The Hokies didn't graduate too many players to the NFL this season, but those who made it certainly warrant mention. This post give a little tid-bit about each of them.
Victor “Macho” Harris
To no surprise to the College Football world, an NFL team picked Victor “Macho” Harris during the draft. The Philadelphia Eagles selected the 5’11’, 187 lbs. cornerback as the 21st pick of round 5, the 157th pick overall.
High School Career
Harris high school career earned him many accolades. When playing for Highland Spring, he led the Richmond, Virginia metropolitan area teams in rushing during his Senior year. He scored 27 touchdowns that same season. Playing defense, he notched 22 tackles and made 3 interceptions. The Roanoke Times named him Offensive Player of the Year in Virginia’s AAA group.
He earned the honor of All-State first-team, and Prep Star named him as the second-best collegiate prospect in the nation. Virginia Tech head coach Frank Beamer paid him a visit at home on a recruiting trip. During that visit, the kitchen in Harris’ house caught fire. While putting out the fire, Harris suffered third degree burns leaving scars on his face and requiring skin graphs on his arm. Very soon into his recovery, he committed to playing for Frank Beamer and Virginia Tech.
During Harris’ true Freshman year he played primarily on special teams. He blocked a kick, deflected two passes, and made 12 tackles (7 of them solo). During his Sophomore season, he earned the starting job at cornerback. He made 4 interceptions and 34 tackles (22 of them solo). In his Junior year he received All-ACC honors for starting all 14 games of the season. He began doing kick returns and performed a 100-yard runback against Clemson. Also in his Junior year accomplishments, he deflected 11 passes. As a Senior he made 46 tackles (32 of them solo), recovered a fumble, and caused two fumbles. He intercepted 6 passes, returning two of them for touchdowns. Performing runbacks on special teams, he did 25 punt returns where he averaged 15 yards per return. He also assumed some of the team’s offensive duties. Harris caught eight passes for a total of 63 yards as well as rushed during 5 carries. Harris’s enthusiasm and gusto made him evolve into a natural leader on the field. Many players of the 2008 squad looked up to him for that leadership as the only starting Senior for the defense.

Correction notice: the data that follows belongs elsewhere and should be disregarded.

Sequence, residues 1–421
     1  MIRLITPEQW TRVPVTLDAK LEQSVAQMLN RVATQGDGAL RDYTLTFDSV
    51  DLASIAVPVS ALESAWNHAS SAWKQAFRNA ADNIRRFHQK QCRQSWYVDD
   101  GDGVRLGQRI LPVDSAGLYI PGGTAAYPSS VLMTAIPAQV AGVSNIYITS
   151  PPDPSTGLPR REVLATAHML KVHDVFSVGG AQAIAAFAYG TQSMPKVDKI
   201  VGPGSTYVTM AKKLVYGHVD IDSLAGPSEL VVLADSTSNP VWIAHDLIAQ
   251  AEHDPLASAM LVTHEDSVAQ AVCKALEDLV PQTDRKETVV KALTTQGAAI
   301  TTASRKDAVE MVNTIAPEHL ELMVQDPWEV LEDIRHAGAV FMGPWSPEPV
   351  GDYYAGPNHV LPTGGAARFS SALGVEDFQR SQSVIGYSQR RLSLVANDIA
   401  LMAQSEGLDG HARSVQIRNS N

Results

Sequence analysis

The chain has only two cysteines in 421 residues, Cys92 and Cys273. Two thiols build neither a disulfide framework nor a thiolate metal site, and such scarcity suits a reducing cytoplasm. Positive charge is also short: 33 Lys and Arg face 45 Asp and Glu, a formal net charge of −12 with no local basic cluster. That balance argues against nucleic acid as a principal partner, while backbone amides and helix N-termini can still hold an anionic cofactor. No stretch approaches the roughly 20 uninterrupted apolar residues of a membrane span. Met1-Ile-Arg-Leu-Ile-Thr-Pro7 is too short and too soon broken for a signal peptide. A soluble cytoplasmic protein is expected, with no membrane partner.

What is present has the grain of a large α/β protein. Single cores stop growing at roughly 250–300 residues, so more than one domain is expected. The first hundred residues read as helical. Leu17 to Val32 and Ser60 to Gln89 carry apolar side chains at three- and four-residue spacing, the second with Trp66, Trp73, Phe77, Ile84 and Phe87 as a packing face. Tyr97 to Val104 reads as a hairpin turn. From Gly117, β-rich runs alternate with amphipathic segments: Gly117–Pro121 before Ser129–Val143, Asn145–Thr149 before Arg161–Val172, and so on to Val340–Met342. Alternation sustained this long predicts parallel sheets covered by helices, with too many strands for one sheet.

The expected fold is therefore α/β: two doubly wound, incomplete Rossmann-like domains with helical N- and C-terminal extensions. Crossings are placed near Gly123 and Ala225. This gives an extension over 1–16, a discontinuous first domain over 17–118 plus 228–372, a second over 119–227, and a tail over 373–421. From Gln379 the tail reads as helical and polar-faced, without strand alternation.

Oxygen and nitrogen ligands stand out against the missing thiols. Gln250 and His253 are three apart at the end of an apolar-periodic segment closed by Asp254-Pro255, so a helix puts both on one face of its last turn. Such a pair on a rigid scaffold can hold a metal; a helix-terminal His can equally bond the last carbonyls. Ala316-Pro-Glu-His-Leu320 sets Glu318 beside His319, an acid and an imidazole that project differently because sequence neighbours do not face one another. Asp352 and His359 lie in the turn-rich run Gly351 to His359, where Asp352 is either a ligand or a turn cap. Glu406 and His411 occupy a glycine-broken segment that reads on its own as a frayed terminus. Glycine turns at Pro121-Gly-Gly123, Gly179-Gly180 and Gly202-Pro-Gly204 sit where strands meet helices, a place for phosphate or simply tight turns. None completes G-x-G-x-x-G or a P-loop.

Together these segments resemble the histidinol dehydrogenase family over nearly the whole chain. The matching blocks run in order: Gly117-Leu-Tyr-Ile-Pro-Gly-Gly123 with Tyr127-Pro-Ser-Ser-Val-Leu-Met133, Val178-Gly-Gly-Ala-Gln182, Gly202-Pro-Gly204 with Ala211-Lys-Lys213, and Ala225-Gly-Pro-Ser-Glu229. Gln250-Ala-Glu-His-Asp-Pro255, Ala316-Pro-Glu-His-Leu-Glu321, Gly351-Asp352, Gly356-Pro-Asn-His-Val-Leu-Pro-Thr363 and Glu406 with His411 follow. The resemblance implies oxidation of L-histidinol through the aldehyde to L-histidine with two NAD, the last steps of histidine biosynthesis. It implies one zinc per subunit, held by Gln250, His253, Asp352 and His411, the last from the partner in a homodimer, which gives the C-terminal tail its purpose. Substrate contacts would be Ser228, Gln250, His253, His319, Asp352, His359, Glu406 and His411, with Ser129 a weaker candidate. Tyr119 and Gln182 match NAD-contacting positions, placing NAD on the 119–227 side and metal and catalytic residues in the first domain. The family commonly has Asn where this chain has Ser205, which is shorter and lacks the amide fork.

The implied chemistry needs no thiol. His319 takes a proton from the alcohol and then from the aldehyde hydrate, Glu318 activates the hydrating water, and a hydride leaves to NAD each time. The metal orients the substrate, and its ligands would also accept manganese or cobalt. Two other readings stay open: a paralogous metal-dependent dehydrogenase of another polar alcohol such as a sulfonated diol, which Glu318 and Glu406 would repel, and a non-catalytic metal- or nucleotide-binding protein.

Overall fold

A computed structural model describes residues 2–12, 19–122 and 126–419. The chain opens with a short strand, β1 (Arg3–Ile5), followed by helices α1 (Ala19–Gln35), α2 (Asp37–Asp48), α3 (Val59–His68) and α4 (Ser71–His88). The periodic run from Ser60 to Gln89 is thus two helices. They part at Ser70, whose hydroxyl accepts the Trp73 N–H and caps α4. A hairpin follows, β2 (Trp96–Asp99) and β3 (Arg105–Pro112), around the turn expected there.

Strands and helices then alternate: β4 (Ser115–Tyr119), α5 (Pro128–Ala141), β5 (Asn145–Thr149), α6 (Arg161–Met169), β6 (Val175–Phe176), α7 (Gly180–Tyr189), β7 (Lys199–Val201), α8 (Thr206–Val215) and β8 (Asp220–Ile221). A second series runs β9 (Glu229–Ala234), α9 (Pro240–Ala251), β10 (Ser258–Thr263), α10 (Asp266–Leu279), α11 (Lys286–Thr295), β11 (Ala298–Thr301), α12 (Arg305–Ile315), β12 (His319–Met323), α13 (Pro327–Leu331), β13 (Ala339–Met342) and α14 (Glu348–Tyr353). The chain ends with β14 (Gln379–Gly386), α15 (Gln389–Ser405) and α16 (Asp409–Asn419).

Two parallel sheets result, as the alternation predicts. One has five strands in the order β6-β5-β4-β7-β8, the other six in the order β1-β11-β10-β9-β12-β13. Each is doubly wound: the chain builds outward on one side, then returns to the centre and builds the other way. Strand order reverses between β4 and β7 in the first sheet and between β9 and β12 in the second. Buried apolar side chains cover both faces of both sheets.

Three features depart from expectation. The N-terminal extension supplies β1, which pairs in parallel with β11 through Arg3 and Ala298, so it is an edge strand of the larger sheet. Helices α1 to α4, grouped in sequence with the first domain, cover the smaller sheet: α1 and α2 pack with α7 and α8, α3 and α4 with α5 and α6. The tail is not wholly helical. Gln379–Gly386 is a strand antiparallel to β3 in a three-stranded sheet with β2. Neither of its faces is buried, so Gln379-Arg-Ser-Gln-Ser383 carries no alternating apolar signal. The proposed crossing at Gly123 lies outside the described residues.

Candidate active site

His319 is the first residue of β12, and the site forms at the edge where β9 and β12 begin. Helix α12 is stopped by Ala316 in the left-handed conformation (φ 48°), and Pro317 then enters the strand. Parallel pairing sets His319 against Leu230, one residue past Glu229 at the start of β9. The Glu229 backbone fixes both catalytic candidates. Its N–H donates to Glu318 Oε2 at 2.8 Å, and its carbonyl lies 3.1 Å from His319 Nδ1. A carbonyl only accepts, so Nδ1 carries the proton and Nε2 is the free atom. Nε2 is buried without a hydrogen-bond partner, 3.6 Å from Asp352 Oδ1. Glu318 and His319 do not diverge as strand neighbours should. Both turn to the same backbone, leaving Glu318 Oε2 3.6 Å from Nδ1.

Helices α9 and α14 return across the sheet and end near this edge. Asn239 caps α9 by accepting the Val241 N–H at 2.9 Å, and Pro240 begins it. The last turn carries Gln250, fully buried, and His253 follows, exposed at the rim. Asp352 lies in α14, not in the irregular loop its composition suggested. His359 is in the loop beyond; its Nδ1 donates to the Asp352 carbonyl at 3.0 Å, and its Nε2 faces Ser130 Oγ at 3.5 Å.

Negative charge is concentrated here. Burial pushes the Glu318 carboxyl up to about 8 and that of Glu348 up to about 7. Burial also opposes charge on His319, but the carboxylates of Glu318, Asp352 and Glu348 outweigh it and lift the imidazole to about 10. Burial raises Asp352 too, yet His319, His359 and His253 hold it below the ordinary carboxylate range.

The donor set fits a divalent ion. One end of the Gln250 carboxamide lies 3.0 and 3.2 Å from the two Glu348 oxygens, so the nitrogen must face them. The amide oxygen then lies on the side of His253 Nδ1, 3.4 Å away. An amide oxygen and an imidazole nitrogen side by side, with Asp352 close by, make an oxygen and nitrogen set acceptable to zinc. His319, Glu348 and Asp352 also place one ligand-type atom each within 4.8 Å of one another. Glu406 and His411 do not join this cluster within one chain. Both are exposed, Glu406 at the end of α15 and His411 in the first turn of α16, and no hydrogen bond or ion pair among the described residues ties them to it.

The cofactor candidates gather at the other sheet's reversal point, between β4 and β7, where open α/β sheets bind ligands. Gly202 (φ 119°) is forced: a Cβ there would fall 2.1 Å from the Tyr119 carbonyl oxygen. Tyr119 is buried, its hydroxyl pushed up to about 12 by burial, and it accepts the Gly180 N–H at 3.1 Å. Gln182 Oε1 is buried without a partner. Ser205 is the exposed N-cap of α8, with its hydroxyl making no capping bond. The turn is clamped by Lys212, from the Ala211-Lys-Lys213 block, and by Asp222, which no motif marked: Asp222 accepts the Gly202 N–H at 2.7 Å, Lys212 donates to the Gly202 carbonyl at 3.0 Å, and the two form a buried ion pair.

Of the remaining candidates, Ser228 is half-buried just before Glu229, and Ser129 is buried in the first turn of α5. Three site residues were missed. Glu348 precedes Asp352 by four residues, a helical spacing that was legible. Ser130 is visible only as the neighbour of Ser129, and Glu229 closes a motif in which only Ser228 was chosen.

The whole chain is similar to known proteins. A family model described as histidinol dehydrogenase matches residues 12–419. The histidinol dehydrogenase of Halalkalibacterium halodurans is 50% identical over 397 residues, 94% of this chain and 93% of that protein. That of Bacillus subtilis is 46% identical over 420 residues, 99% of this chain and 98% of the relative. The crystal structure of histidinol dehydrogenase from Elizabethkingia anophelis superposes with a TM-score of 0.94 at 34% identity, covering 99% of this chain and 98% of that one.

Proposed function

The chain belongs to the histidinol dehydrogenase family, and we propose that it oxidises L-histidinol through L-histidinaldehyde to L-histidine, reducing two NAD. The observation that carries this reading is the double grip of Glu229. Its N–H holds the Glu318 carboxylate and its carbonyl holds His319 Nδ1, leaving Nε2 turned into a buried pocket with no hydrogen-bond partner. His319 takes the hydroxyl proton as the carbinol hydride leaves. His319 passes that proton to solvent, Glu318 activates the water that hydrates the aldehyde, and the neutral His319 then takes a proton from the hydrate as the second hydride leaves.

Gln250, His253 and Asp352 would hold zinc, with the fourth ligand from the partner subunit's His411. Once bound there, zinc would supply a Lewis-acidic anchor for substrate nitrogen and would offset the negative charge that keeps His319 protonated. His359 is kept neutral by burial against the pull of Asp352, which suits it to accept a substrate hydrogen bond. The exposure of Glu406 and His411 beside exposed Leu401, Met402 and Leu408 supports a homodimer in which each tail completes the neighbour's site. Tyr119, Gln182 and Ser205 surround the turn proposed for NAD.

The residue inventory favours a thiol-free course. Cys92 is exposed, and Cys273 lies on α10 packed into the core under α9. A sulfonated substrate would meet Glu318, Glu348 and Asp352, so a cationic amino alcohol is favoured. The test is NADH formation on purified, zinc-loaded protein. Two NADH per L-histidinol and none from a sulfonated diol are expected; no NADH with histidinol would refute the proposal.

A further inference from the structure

NFL pundits predict that he will most likely fit into a zone scheme defense as a shutdown cornerback. (A “shutdown cornerback” earns that title for “shutting down” half of the playing field.) He may play that role in his traditional position, cornerback, but he may also fit well into a system as a free safety. Coaches take note of his strong playing instincts but note that he does not have the same speed as the fastest in professional football. To compensate for that at the collegiate level, he often made contact with opponents, but that may come under greater referee scrutiny in the NFL. Philadelphia will most likely position him where he can play to his strengths of short-bursts of quickness, awareness of the field, and well rounded abilities as a versatile player.
Although former Virginia Tech quarterback Sean Glennon did not receive a draft pick or even a spot on an NFL team, I think it worth noting his current whereabouts.
High School Career
Glennon started as quarterback for Westfield High School in Centerville, VA during his Junior and Senior years. In his Senior year, he led his team to win the AAA Division 6 state championship. The Associated Press and the Virginia Coaches’ elected him to their all-state teams and the Washington Post all-Metro first team. He earned High School All-America honors by PrepStar and SuperPrep. The Roanoke Times ranked him as the number four player in the state, and rivals.com ranked him the number three player in the state.